If you and your health care provider decide to use this drug, be sure your provider and pharmacist know exactly what other drugs you’re taking before you start this medicine. Also be sure you know how to take it and how to taper off it when you are ready to stop. The dose of nortriptyline must be slowly lowered, since the drug cannot be stopped suddenly without the risk of serious effects. People with heart disease should use this drug cautiously. Be sure to tell all your health care providers that you are taking this drug.
Clonidine is another older drug that has been shown to help people quit. It’s FDA-approved to treat high blood pressure. When used to quit smoking, it can be taken as a pill twice a day or worn as a skin patch that’s changed once a week.
If you’re planning to use this drug, be sure your health care provider and pharmacist know exactly what else you’re taking before you start taking it. The most common side effects of clonidine are constipation, dizziness, drowsiness, dry mouth, and unusual tiredness or weakness. There are rarely more severe side effects, such as allergic reactions, a slow heart rate, and very high or very low blood pressure. Your health provider might want to watch your blood pressure while you are on this drug. The drug can affect your ability to drive or operate machinery.
You can start taking clonidine up to 3 days before you quit smoking, but it can also be started the day you quit. It shouldn’t be stopped suddenly. The dose must be lowered over a few days to prevent tremors, confusion, agitation, or a rapid increase in blood pressure.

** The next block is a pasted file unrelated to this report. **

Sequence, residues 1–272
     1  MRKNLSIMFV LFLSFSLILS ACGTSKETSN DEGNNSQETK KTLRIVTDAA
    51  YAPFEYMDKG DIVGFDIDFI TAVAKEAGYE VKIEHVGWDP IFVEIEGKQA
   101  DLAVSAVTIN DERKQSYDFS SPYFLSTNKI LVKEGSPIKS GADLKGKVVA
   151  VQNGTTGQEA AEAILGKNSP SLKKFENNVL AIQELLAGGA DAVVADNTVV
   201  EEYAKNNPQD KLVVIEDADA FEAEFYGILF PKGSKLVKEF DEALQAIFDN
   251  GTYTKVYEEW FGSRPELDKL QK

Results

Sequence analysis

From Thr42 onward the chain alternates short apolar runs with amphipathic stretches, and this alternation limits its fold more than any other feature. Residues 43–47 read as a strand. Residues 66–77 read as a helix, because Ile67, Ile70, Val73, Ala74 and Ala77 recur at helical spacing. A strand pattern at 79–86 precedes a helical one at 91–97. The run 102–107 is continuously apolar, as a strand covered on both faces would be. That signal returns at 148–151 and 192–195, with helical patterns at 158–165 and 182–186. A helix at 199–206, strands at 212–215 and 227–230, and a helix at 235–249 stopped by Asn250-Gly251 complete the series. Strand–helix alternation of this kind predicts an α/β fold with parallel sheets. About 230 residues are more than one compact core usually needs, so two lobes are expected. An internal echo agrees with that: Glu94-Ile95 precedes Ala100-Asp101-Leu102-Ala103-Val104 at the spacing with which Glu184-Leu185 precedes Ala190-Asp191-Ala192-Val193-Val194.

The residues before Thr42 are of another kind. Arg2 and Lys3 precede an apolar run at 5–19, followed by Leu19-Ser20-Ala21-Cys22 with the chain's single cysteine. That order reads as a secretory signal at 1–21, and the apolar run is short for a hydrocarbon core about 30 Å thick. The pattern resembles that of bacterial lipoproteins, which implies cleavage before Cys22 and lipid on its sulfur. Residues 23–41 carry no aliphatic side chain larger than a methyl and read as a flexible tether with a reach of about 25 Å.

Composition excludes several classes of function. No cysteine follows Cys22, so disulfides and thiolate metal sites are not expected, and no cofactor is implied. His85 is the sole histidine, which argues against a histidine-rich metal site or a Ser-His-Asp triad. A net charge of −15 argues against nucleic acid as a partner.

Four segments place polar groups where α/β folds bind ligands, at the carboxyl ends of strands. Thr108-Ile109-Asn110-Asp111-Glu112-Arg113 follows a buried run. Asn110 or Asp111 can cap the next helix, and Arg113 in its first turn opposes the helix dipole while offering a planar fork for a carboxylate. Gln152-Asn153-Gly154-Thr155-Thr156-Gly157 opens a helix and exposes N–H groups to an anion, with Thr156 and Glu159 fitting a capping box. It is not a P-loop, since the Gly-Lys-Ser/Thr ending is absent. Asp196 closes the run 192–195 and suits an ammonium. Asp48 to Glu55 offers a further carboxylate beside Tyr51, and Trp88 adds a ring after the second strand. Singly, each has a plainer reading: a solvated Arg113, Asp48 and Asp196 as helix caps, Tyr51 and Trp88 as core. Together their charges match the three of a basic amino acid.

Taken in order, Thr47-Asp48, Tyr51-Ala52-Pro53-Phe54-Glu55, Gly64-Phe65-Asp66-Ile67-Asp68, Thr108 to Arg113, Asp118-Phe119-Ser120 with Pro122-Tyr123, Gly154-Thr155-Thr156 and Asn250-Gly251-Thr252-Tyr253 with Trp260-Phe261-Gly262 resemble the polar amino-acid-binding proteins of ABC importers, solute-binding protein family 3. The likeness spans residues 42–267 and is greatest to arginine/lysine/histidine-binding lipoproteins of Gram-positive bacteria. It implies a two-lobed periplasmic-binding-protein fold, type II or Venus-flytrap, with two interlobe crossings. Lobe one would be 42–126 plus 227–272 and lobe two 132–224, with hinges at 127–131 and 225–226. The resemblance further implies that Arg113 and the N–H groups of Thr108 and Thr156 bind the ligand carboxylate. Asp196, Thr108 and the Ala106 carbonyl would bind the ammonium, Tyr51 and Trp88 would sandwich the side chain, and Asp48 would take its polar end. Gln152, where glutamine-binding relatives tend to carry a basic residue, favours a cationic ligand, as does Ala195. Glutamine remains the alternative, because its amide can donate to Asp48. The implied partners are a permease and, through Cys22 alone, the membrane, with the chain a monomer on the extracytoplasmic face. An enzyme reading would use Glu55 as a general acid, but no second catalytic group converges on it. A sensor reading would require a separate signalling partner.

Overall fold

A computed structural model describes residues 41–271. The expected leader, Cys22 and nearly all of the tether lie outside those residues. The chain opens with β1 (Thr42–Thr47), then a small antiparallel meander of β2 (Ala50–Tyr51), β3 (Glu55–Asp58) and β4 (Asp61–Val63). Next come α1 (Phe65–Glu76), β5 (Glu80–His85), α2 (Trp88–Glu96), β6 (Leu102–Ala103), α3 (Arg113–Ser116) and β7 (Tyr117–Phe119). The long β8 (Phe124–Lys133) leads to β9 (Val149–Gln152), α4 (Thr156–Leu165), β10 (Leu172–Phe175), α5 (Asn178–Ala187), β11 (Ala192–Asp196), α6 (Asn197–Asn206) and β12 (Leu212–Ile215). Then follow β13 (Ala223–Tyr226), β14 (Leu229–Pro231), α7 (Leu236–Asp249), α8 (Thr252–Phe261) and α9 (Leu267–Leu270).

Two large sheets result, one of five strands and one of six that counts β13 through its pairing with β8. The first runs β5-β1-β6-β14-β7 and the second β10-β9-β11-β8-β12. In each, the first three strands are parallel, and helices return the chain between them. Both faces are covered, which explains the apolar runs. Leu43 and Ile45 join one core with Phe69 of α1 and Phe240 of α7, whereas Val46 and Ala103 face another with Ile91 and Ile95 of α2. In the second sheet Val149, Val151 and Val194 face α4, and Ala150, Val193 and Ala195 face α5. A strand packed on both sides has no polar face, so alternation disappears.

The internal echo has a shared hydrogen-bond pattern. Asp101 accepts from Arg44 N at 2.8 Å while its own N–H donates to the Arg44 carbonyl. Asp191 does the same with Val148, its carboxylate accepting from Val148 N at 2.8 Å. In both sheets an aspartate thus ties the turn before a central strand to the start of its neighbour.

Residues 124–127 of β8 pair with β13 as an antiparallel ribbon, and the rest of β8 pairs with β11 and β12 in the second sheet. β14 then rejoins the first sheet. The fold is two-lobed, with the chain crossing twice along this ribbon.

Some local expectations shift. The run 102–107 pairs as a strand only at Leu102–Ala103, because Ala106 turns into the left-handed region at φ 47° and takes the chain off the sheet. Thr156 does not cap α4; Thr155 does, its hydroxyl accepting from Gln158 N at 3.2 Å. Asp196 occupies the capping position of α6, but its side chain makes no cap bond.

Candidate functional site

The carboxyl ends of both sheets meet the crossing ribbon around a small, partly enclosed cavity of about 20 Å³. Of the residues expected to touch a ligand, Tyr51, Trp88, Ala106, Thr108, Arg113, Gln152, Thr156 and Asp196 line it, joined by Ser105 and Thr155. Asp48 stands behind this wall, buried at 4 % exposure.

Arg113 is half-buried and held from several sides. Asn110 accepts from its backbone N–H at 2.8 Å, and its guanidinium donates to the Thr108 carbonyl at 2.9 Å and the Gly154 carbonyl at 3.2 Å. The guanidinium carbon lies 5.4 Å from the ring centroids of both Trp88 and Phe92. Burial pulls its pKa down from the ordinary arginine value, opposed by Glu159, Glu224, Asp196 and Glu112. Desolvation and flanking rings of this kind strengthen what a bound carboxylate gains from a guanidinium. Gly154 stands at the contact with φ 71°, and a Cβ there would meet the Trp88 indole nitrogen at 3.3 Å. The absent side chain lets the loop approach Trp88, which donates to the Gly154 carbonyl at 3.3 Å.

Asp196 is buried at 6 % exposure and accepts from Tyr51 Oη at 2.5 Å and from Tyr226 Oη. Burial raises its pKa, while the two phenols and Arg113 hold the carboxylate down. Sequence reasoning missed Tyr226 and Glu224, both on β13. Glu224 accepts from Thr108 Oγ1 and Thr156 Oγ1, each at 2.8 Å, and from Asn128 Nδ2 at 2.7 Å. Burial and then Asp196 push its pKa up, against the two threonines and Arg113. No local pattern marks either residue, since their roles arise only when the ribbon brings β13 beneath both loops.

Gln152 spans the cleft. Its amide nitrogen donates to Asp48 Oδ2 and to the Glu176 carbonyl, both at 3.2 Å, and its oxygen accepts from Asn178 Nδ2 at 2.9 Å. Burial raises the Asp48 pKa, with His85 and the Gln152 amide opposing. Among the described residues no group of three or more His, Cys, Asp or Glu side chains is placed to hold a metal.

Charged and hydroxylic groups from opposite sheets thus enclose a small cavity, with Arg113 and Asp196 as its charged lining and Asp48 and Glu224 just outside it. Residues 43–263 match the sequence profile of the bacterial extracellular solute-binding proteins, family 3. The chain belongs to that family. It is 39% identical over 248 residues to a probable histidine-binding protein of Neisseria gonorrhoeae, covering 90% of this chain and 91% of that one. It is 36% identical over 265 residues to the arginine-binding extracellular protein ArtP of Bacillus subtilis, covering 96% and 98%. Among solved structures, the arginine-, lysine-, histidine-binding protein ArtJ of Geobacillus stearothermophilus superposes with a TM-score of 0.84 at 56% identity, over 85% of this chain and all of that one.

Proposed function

A plant-based drug called cytisine has shown promise in other countries and is now being studied in the United States.
Naltrexone is a drug used to help those with alcohol and opioid abuse disorders. Studies are looking at ways to combine it with varenicline to help people quit smoking, especially people who smoke and are also heavy drinkers.
Also being tested are possible anti-smoking vaccines that are given as injections.
So far these new options seem to be safe, but their effect on smoking cessation has been disappointing.
The American Cancer Society medical and editorial content team
Our team is made up of doctors and oncology certified nurses with deep knowledge of cancer care as well as journalists, editors, and translators with extensive experience in medical writing.